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Jim GallowayJim Galloway

Kasim Reed: In a future ATL, ‘we’ll be able to know where you are 80 to 85 percent of the time’

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Atlanta Mayor Kasim Reed at a program Friday celebrating the 50th anniversary of the Civil Rights Act.  Kent D. Johnson, kdjohnson@ajc.com

Atlanta Mayor Kasim Reed at a program Friday celebrating the 50th anniversary of the Civil Rights Act. Kent D. Johnson, kdjohnson@ajc.com

On Friday afternoon, longtime Atlanta newsman Bill Nigut debuted his weekly 3 p.m. current events show, “Political Rewind,” on WRAS (88.5FM).

Front and center was Atlanta Mayor Kasim Reed, riffing off his recent Wall Street Journal piece on the future of cities and what Atlanta might look like in 2050.

Many national outlets focused on Reed’s analysis of the electoral chances of Democrats Michelle Nunn and Jason Carter, and the importance of voter registration — which we covered a few weeks ago in this column.

Far more provocative were Reed’s comments on surveillance and the future city of Atlanta – the contest between public safety and privacy. Listen to the exchange here:

Below is a rough transcript:

Reed: “I’m putting it on the table to have a conversation. I mean, Bill, I don’t want to scare you, but between now and 2050, if you live in a major metro….between the cameras that we will install and between your mobile phone… we would be able to put eyes on you…for about 80 percent of the time you were moving around.”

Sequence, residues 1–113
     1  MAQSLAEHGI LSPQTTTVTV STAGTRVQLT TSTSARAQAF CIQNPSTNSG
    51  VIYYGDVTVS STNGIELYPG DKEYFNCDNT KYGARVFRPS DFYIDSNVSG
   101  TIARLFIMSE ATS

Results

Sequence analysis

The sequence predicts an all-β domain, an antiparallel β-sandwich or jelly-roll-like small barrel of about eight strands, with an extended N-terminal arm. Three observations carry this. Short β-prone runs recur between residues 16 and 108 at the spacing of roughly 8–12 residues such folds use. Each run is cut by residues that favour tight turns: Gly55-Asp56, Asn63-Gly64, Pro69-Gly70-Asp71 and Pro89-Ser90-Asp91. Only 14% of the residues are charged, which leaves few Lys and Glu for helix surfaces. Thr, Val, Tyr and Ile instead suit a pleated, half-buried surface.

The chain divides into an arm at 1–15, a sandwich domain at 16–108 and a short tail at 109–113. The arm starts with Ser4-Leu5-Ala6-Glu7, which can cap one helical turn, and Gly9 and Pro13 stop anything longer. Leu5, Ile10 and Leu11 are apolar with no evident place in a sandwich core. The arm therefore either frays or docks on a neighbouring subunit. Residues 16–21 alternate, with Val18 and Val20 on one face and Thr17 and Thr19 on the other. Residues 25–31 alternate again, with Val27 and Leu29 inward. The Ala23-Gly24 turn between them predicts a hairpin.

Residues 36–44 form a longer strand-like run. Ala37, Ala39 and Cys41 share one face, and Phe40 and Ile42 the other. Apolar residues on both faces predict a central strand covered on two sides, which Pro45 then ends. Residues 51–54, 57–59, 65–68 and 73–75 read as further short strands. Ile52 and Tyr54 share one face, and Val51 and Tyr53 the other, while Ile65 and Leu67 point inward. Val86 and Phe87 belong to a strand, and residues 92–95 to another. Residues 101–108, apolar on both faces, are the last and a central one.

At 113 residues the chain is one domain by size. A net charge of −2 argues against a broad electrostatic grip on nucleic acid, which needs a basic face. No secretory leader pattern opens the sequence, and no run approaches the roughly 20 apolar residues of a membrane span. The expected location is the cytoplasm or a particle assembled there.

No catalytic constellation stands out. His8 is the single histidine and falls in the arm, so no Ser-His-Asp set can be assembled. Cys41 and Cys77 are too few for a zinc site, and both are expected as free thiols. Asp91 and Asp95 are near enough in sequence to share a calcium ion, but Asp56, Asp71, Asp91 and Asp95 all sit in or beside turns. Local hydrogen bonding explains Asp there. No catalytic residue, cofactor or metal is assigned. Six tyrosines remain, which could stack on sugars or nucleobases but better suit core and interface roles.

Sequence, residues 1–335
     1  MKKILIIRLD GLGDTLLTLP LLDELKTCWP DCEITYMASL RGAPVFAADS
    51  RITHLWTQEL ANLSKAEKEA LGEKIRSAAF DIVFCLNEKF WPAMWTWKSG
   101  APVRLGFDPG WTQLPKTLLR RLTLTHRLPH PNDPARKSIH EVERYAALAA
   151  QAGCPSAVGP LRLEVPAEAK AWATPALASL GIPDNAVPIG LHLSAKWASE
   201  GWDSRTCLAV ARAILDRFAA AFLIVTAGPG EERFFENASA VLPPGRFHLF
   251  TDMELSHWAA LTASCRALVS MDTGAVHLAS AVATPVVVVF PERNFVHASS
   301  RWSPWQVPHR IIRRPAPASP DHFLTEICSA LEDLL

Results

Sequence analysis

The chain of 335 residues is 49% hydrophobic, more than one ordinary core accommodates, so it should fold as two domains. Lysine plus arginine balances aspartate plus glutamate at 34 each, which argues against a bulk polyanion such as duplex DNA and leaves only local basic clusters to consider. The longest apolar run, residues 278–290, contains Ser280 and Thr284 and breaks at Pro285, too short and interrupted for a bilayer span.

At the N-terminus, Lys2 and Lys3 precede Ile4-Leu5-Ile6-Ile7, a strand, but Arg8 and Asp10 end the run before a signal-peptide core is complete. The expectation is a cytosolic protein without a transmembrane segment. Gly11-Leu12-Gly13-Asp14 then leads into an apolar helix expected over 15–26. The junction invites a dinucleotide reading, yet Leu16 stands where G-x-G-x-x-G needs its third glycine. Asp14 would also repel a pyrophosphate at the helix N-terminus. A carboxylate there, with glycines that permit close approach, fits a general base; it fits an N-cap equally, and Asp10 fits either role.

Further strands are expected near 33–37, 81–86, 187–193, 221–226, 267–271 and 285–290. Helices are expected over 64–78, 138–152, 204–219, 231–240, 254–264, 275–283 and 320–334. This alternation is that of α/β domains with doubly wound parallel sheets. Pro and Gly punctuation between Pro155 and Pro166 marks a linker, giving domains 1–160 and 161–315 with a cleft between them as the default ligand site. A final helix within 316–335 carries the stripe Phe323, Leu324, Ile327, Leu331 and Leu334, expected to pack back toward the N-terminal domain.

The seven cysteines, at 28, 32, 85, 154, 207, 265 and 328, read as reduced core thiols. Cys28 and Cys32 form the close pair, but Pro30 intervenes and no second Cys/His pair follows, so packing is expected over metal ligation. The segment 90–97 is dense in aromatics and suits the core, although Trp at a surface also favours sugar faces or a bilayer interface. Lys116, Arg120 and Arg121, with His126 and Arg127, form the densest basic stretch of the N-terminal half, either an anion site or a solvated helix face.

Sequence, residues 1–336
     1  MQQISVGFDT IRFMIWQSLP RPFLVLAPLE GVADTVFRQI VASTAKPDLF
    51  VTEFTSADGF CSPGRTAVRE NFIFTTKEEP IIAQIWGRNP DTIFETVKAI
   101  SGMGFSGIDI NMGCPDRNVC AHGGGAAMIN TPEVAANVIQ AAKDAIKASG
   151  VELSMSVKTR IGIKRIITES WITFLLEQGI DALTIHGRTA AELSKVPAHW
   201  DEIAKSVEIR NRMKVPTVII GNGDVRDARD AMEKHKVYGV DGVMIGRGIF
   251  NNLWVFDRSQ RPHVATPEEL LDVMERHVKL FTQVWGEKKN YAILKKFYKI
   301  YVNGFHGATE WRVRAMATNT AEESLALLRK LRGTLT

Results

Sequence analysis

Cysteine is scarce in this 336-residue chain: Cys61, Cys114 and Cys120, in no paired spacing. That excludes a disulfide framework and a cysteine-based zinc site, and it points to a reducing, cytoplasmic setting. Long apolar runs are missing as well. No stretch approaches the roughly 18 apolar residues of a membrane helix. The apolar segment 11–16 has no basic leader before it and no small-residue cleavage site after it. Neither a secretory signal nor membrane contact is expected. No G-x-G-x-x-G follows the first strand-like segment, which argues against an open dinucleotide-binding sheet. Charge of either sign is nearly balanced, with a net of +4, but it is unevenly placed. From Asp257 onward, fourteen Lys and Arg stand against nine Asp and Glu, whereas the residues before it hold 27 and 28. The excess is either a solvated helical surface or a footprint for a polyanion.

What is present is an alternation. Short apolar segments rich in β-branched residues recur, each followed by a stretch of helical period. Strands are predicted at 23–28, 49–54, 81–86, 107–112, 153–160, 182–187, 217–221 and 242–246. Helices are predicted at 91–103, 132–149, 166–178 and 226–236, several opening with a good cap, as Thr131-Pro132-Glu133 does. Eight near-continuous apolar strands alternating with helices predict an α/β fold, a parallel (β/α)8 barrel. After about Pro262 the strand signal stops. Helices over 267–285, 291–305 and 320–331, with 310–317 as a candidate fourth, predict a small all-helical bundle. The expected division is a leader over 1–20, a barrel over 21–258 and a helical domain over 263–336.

Nigut: “You say ‘we.’”

Reed: “I mean the government. And it would have to be a choice. But if you were a single person, whether man or a woman, and when you left your house, you wanted eyes on you, and you agreed to that, and you enabled us to track your phone, between our cameras and our surveillance capability, in the future, we’ll be able to know where you are 80 to 85 percent of the time.

“That has significant public safety ramifications. But it also has very serious privacy ramifications….”

Nigut: “By then you’ll be in the private sector. Are you comfortable with the fact that government will be able to track you as an individual?”

Reed: “I’m not comfortable with it if I don’t give approval for it. But I am aware that, in terms of the camera capability, I don’t believe that we’re going to be able to put that genie back in a bottle. I think that because of the risks that are associated with terrorism, an increasingly fragile international community, that we will not be able to put the surveillance capabilities back in the bottle.”

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